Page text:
Naturally, all this has resulted in a number of “Textual families” – unique readings common to certain lines of transmission - which can still be found in the manuscripts we possess. (For instance, the text of a third century manuscript of the gospels, P75, is virtually identical to that in the fourth century Codex Vaticanus.) Fortunately, prior to the Constantinian period (4th century), there were no centralized mass-productions of manuscripts that might have allowed these new readings to effectively erase the originals. Additionally, New Testament manuscripts are noted for demonstrating a strong “tenacity,” which is to say, once a reading enters into the textual tradition, it remains there1. This suggests that, if innovative material tends to be preserved, so too will the original. Dr. James White describes determining the original reading of the New Testament books as putting together a 100-piece puzzle with 101 pieces; that is to say, we have little reason to fear the original words of the New Testament writers have been lost, rather we must determine what has been added into the text over the centuries by cross comparing the various textual families.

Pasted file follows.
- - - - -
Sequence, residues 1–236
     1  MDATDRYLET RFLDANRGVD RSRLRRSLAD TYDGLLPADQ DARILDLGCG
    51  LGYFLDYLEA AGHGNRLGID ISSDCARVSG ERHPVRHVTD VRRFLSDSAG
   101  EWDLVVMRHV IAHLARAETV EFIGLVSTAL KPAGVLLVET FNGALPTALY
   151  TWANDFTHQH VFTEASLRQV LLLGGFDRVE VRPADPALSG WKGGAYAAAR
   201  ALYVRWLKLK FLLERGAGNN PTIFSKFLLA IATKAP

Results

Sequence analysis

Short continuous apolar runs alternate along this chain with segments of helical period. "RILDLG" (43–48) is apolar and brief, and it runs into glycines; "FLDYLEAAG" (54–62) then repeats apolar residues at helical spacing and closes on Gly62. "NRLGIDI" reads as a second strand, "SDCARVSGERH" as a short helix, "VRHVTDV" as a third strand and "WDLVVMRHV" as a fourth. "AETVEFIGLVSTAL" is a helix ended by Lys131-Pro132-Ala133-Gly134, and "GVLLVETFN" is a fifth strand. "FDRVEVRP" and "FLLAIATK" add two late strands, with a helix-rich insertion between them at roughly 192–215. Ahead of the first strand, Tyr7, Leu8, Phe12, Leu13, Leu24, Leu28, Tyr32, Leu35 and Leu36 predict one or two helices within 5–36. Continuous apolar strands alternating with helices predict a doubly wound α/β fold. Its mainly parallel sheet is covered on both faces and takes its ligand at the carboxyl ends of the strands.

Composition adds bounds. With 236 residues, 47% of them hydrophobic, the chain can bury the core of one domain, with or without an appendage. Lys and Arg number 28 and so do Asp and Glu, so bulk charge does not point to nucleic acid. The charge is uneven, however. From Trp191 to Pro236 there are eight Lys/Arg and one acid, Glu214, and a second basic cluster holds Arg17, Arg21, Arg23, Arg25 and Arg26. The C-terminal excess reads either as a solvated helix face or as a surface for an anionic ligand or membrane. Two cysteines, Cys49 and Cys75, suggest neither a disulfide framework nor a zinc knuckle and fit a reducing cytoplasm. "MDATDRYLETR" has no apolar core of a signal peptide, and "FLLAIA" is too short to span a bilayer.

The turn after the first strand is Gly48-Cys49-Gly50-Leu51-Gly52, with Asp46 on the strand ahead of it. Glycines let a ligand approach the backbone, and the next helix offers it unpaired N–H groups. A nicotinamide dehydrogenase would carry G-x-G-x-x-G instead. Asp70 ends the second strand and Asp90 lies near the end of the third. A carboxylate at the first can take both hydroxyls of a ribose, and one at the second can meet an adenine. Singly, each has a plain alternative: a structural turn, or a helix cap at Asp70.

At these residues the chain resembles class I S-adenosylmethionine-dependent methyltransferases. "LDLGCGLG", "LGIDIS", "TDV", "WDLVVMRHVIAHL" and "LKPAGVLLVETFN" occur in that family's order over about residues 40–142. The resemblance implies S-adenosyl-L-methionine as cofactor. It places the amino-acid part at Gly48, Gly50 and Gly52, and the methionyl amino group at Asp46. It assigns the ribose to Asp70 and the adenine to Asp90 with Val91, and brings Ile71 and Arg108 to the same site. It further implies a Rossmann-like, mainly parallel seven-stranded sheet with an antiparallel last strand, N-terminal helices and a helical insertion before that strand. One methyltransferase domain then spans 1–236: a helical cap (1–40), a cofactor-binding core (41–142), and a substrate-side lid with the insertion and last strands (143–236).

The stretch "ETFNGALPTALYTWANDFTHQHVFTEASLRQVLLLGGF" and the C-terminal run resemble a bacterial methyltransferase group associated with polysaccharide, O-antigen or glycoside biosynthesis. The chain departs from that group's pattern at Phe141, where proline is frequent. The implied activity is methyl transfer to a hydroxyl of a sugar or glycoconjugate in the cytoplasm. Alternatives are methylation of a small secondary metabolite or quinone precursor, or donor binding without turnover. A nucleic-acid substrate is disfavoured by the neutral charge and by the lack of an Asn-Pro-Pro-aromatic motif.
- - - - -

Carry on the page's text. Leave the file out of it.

This is not to say that there are no unresolved, viable (early or potentially early) variants in the New Testament - as reflected in footnotes and texts of most modern translations. However, it is fortunate that none of these have any impact on the major doctrines of the Christian Church8.
Distribution of Extant Manuscripts
The Roman world offered two means of delivering a letter; the official post and the informal mail service which was the common practice of sending a letter along with a merchant or traveler bound for the desired city. The latter was presumably the method by which the New Testament texts were passed along in their earliest days. As inefficient as it may sound, the informal mail service was capable of transmitting a letter 400 miles across national borders in fourteen days or 150 miles in four3 even well before the Roman period which was marked by improved roads and unprecedented ease of travel2.
Because of this exceptional mobility of texts, it is no longer tenable to maintain the notion that any textual family could have remained isolated from the rest for any length of time, which means no textual family could have gone untested by others for long3.